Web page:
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   ANTHROPOLOGY AT QUEENS COLLEGE

 
  • Exploration
  • Analysis
  • Stinson Boas Award
Exploration1 Analysis2 3 Stinson Boas Award4

The Anthropology Department at Queens College aims to give students a knowledge of human origins and development, the varieties of human cultures, and cultural and social complexities of our species. A major in Anthropology provides the necessary preparation for graduate work in the field, as well as valuable background for careers in education, international studies, medicine and allied professions, sociology, and social work, as well as for participation in community organizations. Students wishing to major in anthropology may choose between two tracks: general anthropology and pre-professional anthropology. Students must declare their intention to major in anthropology by requesting a department adviser and by completing their concentration form in consultation with the adviser. Pre-professional majors are especially encouraged to work closely with a faculty adviser. Although course requirements are designed to prevent premature undergraduate overspecialization, there is sufficient flexibility to permit a student to emphasize cultural, biological, or archaeological anthropology. The selection of elective courses in the field of interest (both from within and outside the department) should be done in consultation with a faculty adviser from the respective sub-discipline.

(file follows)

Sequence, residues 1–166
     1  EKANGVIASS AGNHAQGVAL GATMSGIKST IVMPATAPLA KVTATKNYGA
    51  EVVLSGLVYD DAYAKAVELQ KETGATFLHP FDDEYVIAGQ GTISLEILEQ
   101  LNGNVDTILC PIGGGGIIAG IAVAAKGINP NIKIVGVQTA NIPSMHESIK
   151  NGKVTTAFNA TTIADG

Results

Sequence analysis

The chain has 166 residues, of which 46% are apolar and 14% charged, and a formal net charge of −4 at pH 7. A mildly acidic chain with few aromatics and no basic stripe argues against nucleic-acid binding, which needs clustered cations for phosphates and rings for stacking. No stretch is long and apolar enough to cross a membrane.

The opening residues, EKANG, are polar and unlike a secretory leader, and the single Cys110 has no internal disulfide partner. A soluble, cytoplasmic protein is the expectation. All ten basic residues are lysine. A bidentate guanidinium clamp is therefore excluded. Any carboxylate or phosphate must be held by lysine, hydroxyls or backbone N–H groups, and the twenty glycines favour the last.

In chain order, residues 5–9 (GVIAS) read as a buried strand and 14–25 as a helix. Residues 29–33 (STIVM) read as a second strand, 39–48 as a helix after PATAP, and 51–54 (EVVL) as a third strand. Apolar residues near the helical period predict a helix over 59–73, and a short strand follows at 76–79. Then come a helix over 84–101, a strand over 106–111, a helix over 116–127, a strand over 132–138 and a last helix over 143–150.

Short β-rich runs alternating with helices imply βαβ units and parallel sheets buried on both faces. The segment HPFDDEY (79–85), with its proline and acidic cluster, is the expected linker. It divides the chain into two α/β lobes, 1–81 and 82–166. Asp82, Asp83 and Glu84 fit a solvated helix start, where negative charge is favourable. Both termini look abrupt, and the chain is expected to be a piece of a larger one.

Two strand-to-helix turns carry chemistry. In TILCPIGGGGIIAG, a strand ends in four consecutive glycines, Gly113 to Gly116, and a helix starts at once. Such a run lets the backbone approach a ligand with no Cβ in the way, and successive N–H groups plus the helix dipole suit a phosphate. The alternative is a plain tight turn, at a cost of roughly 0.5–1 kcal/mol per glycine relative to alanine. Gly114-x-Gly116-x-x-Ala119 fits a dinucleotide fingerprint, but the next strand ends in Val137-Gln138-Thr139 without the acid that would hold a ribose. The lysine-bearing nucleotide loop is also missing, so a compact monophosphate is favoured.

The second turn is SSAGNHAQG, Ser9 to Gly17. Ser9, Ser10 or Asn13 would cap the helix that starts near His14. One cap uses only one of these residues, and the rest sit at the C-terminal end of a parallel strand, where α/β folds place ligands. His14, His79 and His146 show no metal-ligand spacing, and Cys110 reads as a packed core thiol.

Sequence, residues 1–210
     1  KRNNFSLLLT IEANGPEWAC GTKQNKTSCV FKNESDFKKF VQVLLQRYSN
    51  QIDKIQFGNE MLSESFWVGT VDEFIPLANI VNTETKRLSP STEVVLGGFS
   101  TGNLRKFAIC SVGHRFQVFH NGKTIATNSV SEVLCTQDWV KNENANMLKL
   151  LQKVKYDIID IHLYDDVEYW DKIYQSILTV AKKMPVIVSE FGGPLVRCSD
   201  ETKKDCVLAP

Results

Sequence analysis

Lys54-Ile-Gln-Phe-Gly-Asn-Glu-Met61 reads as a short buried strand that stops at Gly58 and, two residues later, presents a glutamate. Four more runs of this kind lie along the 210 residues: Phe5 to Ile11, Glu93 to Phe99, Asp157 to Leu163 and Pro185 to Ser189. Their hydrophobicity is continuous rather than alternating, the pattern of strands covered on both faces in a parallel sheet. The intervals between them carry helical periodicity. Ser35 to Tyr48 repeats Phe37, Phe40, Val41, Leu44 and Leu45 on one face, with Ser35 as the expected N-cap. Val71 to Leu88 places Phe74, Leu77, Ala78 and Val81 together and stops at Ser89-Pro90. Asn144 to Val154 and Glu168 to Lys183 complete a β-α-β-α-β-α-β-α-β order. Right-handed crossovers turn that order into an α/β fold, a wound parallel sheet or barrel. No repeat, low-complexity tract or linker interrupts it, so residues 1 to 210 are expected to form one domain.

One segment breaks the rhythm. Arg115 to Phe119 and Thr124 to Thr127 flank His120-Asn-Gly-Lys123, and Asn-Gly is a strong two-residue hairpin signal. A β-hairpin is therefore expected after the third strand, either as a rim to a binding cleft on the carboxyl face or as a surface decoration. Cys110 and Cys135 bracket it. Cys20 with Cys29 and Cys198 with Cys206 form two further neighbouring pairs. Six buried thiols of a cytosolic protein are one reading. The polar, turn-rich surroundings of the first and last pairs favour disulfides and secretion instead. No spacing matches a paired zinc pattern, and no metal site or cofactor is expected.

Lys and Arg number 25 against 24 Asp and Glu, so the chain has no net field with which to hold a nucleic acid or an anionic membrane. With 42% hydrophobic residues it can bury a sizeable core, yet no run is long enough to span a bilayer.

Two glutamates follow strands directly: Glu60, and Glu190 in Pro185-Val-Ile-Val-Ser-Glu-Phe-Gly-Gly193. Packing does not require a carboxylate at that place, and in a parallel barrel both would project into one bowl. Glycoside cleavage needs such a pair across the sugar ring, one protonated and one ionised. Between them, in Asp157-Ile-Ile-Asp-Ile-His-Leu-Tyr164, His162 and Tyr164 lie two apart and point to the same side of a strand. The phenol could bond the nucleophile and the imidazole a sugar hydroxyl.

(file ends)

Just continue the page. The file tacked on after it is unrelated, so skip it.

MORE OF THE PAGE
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NEWS & UPDATES
Anthropology adjunct, Jemima Georges received a Young Explorers Grant from National Geographic to participate on Dr. Timothy Pugh's project, Urbanization at Nixtun-Chi'ich', Peten, Guatemala, which is funded by a grant from the Wenner-Gren Foundation.


Dr. Kevin Birth's article "Calendar Time, Cultural Sensibilities, and Strategies of Persuasion" has recently been published in the edited volume "Time, Temporality and Global Politics". The entire book can be accessed here.


Our Fall 2016 course schedule is now available here.


Dr. Mandana Limbert is the recipient of a prestigious National Endowment for the Humanities (NEH) grant for her project "Oman, Zanzibar and the Politics of Becoming Arab," a book on changing notions of Arab identity.


Dr. John Collins' book "Revolt of the Saints" on race, space, and history in Brazil has recently been published by Duke University Press. A description of the book can be found here.


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